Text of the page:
Er...what was the question? Oh, yeah. Every tip won't be 15%-20%, some people are cheap bastards, it all evens out in the end, don't lose sleep over it. If EVERYONE'S leaving a server a small tip, it might be something wrong with the server, not the customers. :wink:

---------------------------------------------------------------------------------------------

“A favorite dish in Kansas is creamed corn on a stick.”

-Jeff Harms, actor, comedian.

>Enjoying every bite, because I don't know any better...

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I was in this situation last year. The parents of one of my boyfriend's friends were in town and took us out to dinner. Every thing was very nice, until dessert. The father asked for the wine list, but what he really wanted was to know what brandies they had, which were not on the wine list. He got all perturbed at the waitress. He paid the bill and we were getting ready to leave when the waitress comes out and says that the owner told her to come and ask why he left a 10% tip. I was appalled for two reasons - first there was no reason to stiff her and second, I felt the owner should have come out and asked if there was a problem. Especially since he knew two of us. We held back on the pretense of needing to use the bathroom and made up the tip to what it should have been.

How do you approach a table to see if there was an issue with service, food, atmosphere, etc, which caused them to leave a small tip?  How do you do so without coming across rude and abnoxious, as well as not embarass a customer who you want to see back in next weekend?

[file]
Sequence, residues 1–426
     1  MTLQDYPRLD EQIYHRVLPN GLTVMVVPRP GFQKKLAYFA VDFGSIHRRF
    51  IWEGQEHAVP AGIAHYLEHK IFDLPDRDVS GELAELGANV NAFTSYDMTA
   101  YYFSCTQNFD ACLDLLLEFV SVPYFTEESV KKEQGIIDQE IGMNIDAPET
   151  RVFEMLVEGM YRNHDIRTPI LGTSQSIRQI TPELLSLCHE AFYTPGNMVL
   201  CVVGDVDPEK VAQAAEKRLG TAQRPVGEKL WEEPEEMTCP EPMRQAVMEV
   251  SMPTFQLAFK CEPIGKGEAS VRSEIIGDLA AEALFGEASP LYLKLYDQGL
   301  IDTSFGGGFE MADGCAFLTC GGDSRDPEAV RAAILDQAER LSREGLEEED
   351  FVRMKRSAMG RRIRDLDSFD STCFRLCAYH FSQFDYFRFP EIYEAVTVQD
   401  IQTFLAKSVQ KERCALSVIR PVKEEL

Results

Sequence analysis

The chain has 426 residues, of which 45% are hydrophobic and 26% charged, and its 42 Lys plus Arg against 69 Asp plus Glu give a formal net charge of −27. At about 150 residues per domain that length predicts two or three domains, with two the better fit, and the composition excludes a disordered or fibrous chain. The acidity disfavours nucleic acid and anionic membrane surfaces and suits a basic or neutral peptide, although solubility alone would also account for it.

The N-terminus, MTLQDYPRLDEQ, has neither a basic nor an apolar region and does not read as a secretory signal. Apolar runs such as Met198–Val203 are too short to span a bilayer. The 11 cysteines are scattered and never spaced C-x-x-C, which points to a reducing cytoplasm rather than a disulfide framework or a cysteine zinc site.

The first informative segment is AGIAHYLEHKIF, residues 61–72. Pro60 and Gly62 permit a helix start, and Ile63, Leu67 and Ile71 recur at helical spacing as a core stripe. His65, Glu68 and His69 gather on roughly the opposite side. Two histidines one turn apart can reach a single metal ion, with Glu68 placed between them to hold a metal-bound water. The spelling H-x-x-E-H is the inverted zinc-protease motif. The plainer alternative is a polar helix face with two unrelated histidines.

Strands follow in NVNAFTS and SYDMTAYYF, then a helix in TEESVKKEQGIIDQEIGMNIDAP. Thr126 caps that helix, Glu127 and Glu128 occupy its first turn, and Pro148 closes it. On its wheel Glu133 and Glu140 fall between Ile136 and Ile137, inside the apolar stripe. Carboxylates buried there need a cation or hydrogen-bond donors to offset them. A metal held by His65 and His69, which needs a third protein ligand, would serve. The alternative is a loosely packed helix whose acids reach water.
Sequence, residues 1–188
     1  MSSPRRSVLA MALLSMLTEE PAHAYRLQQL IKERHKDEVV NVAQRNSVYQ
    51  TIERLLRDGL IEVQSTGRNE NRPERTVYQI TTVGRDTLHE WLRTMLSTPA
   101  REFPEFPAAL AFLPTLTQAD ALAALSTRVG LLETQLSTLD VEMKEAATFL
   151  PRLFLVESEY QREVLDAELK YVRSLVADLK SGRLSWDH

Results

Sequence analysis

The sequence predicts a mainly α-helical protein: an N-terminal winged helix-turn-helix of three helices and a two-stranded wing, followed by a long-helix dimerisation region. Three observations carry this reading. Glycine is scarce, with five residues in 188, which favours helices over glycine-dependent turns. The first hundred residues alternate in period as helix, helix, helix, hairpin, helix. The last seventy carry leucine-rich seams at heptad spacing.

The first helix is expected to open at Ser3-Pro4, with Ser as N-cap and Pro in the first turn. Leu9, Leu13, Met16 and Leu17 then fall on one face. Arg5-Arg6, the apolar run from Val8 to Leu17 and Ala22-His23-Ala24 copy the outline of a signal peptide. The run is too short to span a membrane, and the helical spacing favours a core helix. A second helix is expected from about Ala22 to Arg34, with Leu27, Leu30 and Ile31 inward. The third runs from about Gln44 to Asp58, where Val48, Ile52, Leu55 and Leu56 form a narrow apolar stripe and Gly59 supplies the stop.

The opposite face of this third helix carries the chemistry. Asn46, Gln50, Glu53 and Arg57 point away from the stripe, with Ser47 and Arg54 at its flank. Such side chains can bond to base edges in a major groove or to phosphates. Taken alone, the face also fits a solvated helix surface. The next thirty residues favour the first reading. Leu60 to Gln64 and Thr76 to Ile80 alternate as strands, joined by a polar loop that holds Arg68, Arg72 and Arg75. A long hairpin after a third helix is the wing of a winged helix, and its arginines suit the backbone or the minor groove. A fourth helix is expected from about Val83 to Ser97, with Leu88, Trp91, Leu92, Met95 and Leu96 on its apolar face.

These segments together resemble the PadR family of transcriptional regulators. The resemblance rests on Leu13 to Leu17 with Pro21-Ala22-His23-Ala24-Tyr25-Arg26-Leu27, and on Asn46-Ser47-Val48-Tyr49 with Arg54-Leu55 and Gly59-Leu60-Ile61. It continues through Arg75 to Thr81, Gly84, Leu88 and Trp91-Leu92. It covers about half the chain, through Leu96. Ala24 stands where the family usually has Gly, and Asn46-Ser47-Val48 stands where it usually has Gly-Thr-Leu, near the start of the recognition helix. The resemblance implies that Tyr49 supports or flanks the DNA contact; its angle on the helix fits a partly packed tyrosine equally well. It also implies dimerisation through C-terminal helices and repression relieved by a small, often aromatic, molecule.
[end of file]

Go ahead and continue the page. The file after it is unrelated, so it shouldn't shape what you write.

Johanna

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I think that approaching someone specifically about a tip is bad form. It is, however completely acceptable for someone who gets a small tip to ask about the customer's satisfaction with the experience. Note I did not say ask about the tip itself.

I have at least once taken a tip back when asked about a purposely small tip. I think that my tip speaks for itself.

I may be in the minority here. But I am pretty forgiving, especially when the restaurant is busy, or shorthanded staff, or any number of other reasons. I think 25-30% is minimum, and have tipped as much as 40% when things have gone exceedingly well. I've gone as far as not tipping and asking for a manager when things have gone really bad.

All that to say, use this situation as an opportunity to find out if the customer is upset by something. Hopefully, that is enough of a hint to the customer that they may have made a misstep. Mentioning it directly is crass.

Screw it. It's a Butterball.
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Here is a situation that happens sometimes that I find rather frustrating. Four or five people will be dining and when it comes time to pay the check most will pay cash and one or two will pay by card. The customers will say here is seventy bucks put the rest on this card. Then due to drunken math, money flying this way and that, and a need to rush off to the next place, the bill is paid but no tip, or a tip only on 1/4th or 1/5th of the check. I have tried fanning out the bills underneath the receipt, taking the cash away, everything I can think of, and it still happens. Not all the time but more than it should.

I agree that tourists know that they should tip, as someone said they’ve read the guidebooks, they just don’t. I don’t “forget” to take off my shoes when I should in other countries, or offer my left hand to people, or other things that are offensive to the people who are being my hosts.

Could we publicly cane people who don’t tip? Like that kid in Singapore???

A DUSTY SHAKER LEADS TO A THIRSTY LIFE

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  • 2 weeks later...